Notre Dame Associate Professor Alyssa Gillespie has won first prize in the 2012 Compass Translation Competition for her adroit translation of Marina Tsvetaeva’s “The Poem of the End.” She also received a fourth place prize for translating a brief selection from Tsvetaeva’s poem “Magdalene.”
“Tsvetaeva is a brilliant, compelling, exhilarating poet whose voice has not yet been heard enough in the Anglophone world,” Gillespie says. “I’m so glad that this competition was dedicated to her . . . and I’m honored and humbled that my translation was chosen to receive first place.”
Sponsored by the Cardinal Points Literary Journal, the Compass Award spotlights English translations of Russian poetry. This year’s contest focused on Tsvetaeva, an early 20th century Russian poet whose work is considered among the greatest in the Russian literary canon.
These latest honors are the third and fourth poetry translation awards Gillespie, co-director of the Notre Dame’s program in Russian and East European studies, has received in just over a year. She took second prize in last year’s Compass Competition and a joint third-place prize in the 2011 Joseph Brodsky–Stephen Spender Prize competition.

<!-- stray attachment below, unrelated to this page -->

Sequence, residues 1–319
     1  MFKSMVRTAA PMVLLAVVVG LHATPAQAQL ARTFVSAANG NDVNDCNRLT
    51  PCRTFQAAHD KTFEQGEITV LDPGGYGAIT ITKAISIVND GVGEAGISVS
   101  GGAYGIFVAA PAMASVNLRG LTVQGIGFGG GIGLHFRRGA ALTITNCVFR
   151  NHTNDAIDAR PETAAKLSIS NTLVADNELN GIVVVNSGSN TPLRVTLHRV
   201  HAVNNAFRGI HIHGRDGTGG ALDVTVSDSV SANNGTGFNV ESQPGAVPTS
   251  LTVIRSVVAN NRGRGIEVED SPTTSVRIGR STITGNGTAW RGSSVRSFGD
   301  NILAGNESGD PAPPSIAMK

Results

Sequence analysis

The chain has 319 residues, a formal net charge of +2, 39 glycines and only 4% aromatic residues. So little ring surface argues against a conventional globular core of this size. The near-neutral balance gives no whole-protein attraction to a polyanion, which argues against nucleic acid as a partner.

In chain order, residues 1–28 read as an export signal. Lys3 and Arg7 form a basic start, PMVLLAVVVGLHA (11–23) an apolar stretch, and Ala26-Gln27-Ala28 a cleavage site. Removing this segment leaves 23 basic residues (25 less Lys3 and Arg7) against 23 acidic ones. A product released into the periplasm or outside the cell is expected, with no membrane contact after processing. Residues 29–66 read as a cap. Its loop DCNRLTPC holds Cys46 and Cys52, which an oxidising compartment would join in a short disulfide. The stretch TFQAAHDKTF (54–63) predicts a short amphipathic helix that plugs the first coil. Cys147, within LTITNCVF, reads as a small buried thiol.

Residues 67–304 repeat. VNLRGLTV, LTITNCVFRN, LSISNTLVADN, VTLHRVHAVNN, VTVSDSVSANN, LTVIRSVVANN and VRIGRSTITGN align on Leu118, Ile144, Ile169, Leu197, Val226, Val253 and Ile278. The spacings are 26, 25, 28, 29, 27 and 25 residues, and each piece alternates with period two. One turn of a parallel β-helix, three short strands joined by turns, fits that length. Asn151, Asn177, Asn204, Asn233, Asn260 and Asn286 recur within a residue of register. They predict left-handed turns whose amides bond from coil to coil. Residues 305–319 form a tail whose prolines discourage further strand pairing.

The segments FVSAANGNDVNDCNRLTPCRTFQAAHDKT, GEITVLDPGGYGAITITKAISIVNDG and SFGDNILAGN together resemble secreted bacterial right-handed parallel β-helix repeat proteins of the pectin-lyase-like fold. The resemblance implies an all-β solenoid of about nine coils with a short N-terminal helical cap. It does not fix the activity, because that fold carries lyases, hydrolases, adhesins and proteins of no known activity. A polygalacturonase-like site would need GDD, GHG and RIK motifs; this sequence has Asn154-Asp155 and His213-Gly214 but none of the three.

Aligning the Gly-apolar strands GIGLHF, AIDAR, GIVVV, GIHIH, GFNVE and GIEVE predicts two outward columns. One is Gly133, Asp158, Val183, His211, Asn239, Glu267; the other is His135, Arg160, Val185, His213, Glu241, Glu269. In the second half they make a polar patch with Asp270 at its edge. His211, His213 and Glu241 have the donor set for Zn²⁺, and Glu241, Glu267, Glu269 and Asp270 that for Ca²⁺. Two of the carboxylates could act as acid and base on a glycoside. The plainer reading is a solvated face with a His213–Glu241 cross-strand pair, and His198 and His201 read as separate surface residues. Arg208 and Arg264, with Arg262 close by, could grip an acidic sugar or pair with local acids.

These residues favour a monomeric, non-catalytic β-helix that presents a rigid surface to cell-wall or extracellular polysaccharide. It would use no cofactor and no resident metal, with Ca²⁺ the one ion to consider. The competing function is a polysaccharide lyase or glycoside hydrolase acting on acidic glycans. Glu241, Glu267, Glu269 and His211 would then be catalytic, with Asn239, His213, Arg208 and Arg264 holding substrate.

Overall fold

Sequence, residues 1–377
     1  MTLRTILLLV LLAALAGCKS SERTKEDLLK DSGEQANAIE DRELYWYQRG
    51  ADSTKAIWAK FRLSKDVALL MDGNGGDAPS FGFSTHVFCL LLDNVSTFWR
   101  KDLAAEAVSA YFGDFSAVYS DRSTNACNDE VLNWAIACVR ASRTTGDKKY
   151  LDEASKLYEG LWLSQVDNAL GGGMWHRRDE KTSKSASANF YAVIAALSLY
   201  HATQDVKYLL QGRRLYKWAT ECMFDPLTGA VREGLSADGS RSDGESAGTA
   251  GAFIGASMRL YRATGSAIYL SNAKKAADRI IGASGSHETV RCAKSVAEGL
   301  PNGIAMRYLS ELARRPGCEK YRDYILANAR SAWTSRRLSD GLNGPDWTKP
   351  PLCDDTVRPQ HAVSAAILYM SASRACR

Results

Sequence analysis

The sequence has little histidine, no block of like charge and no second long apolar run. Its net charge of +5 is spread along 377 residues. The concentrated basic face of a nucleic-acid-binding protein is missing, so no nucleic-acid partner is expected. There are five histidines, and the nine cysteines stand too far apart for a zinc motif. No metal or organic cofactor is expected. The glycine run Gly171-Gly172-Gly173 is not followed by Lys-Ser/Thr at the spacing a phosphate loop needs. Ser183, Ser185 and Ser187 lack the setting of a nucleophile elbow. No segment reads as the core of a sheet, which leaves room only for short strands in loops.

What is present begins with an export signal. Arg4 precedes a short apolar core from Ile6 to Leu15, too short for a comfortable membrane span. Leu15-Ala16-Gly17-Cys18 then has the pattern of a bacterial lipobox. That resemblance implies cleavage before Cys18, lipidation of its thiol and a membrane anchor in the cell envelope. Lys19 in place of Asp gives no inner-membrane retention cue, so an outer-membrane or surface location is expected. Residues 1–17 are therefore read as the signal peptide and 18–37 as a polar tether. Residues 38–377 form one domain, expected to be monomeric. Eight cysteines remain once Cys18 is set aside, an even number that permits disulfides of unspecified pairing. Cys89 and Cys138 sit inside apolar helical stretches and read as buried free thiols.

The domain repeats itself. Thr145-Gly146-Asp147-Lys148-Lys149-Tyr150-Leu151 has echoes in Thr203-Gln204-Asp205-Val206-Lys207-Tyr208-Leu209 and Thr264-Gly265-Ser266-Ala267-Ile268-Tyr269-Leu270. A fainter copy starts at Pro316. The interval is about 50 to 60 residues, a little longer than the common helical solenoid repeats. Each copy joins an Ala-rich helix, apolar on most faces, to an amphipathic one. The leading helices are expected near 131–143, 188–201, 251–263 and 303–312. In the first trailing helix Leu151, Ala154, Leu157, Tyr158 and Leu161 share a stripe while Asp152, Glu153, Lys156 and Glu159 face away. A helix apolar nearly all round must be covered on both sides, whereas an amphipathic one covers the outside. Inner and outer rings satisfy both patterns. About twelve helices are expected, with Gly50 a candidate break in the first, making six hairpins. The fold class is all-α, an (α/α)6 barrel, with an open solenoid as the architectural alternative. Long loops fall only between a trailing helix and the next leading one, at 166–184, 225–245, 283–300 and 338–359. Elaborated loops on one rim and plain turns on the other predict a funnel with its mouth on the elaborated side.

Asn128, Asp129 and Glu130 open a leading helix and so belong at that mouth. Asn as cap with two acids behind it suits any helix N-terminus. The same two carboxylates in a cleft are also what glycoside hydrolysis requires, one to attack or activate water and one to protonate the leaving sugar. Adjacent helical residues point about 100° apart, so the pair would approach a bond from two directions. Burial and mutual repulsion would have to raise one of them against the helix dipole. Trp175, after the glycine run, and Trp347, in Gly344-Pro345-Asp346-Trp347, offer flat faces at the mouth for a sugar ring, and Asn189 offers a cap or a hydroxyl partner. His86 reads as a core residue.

Her first-place piece this year, “The Poem of the End,” is a long-form narrative poem Tsvetaeva wrote in 1924 that describes the waning hours of a fiery affair.
Tsvetaeva captures the emotional intensity of the affair’s end with incredible virtuosity, Gillespie says, but this exceptional artistry made the poem difficult to translate.
“Its varied rhythms, dense sound structures, and play with words are essential to the poem’s aesthetic effect and meanings,” she says.
“I had to find ways to retain these features of the poem while also conveying its semantic meanings accurately.”
By the time she began translating the piece, Gillespie was already quite familiar with the poet, who was the subject of her first book, A Russian Psyche: The Poetic Mind of Marina Tsvetaeva (University of Wisconsin Press). This made it easier for her to connect to the poet’s inner voice.
“She is the poet to whom I feel closest of all, both creatively and temperamentally,” Gillespie says. “With this award, it’s as though the private kinship I’ve felt with Tsvetaeva ever since I first discovered her work over 20 years ago has now been somehow publicly affirmed. I simply couldn’t be more thrilled.”
Gillespie has already begun her next work on Tsvetaeva, an article on tree symbolism in her poetics. Gillespie is also currently working on a new preface for a Russian-language edition of A Russian Psyche, which will be published by the Pushkin House at the Russian Academy of Sciences in St. Petersburg.